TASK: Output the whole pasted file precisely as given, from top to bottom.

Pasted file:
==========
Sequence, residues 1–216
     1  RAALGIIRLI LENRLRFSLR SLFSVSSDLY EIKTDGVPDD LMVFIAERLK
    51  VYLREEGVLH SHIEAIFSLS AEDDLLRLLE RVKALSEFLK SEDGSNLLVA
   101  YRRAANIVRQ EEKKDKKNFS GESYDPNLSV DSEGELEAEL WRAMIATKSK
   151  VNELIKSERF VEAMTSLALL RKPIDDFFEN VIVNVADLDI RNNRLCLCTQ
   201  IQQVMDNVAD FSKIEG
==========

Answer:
Sequence, residues 1–216
     1  RAALGIIRLI LENRLRFSLR SLFSVSSDLY EIKTDGVPDD LMVFIAERLK
    51  VYLREEGVLH SHIEAIFSLS AEDDLLRLLE RVKALSEFLK SEDGSNLLVA
   101  YRRAANIVRQ EEKKDKKNFS GESYDPNLSV DSEGELEAEL WRAMIATKSK
   151  VNELIKSERF VEAMTSLALL RKPIDDFFEN VIVNVADLDI RNNRLCLCTQ
   201  IQQVMDNVAD FSKIEG